Examining the Quaker Peace Testimony

Contemporary Friends have a wide range of beliefs on various topics—all the more reason Adria Gulizia takes comfort in the universality of the peace testimony, a principle that stretches back to Quakerism’s roots in seventeenth-century England.

“I think that’s a beautiful thing that we still have unity in that even as our practice, our way of experiencing God and worshiping God, can be so different,” Adria says. “I’m still very much spoken to by that image of the lion laying down with the lamb and the peaceable kingdom of pounding our swords into plowshares, and instead of focusing on ways of imposing our will on others, really living into that nurturing faithfulness.”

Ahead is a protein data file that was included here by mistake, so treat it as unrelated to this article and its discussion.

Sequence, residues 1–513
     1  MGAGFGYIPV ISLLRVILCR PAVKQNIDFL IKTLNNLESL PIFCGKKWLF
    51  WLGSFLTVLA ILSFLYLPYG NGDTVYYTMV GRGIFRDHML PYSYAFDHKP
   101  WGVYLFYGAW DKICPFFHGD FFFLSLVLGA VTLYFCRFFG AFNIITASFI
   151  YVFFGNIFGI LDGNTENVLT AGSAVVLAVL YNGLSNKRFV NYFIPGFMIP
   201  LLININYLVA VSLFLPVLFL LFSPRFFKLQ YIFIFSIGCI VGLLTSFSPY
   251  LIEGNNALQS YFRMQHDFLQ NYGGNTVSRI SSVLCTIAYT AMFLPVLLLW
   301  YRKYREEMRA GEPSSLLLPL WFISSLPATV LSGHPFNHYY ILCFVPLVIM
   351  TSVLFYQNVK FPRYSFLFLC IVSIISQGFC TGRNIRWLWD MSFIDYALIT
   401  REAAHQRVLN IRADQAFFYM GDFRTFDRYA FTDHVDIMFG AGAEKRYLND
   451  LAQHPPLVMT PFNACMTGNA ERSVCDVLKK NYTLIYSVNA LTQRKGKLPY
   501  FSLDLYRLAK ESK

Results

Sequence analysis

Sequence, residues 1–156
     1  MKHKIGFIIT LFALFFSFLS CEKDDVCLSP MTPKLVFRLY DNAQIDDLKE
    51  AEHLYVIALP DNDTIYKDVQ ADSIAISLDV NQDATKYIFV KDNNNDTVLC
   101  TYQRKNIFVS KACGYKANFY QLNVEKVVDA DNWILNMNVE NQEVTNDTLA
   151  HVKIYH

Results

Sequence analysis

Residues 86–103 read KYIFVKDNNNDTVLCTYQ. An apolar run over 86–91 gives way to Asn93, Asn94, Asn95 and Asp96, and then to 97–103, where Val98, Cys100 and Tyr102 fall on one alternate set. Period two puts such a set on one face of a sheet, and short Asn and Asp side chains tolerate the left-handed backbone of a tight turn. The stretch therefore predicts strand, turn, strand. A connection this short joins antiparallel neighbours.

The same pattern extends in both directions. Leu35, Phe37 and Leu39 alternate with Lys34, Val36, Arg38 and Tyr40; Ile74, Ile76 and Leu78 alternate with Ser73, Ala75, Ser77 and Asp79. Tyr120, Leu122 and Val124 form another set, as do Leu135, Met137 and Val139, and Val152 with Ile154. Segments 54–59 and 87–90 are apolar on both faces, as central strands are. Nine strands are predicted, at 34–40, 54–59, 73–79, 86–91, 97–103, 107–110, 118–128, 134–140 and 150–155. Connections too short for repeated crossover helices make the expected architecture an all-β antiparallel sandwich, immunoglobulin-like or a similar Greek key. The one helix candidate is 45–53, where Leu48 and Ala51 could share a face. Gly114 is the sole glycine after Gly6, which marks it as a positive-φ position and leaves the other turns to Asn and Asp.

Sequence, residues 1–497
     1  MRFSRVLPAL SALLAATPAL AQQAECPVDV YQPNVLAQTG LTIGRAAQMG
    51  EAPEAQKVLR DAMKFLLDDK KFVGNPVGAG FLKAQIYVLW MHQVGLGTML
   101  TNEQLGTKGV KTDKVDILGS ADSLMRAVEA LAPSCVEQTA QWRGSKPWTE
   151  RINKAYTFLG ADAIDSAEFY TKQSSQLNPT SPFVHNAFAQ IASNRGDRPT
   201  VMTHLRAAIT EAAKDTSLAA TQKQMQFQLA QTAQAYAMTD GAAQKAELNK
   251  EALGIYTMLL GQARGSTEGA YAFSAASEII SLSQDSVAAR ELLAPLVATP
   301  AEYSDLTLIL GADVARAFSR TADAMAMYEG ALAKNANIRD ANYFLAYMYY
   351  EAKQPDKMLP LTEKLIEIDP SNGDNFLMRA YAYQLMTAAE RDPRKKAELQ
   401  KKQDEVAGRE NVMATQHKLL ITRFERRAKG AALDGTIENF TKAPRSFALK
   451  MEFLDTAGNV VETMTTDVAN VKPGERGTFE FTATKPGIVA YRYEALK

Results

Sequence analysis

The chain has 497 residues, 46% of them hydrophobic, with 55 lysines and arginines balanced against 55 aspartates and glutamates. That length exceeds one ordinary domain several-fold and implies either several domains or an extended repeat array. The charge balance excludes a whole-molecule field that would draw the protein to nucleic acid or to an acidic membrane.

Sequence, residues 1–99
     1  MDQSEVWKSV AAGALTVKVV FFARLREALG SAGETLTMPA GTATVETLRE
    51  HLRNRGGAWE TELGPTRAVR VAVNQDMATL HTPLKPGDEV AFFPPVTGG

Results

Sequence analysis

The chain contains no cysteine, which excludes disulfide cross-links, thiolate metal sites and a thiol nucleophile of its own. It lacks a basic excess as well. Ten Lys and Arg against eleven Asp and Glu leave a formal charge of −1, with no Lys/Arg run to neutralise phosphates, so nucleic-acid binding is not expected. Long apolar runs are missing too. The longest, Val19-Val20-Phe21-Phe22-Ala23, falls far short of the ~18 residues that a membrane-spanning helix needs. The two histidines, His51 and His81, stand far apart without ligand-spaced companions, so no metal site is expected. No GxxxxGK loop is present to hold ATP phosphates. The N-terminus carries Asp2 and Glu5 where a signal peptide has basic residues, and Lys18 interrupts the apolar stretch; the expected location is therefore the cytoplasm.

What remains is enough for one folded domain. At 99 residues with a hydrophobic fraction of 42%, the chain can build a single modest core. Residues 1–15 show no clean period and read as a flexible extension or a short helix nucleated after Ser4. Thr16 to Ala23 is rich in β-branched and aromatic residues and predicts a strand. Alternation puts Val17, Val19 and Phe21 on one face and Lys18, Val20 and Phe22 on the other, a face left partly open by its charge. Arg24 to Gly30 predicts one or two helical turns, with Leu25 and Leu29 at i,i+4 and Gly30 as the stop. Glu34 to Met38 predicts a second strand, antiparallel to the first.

Adria reflects further on how the values of the earliest Quakers continue to speak to us today in the latest issue of Friends Journal. Her essay, “Facing Evil, Finding Freedom,” elaborates on the Quaker view of atonement, and the belief that “freedom in the Spirit… is not metaphorical or abstract but real, concrete, and immediate.”

6 thoughts on “Examining the Quaker Peace Testimony

  1. Bewapening is verkeerd, maar een land ten strijde gaat de mensen uitrusten met betrouwbare materialen.Dat is wat ik vind en ook een goed getrainde conditie.

    Vriendengroet Ad

    (Google Translate offers: “Armament is wrong, but a country going to war is going to equip people with reliable materials. That’s what I think and also a well-trained fitness.”)

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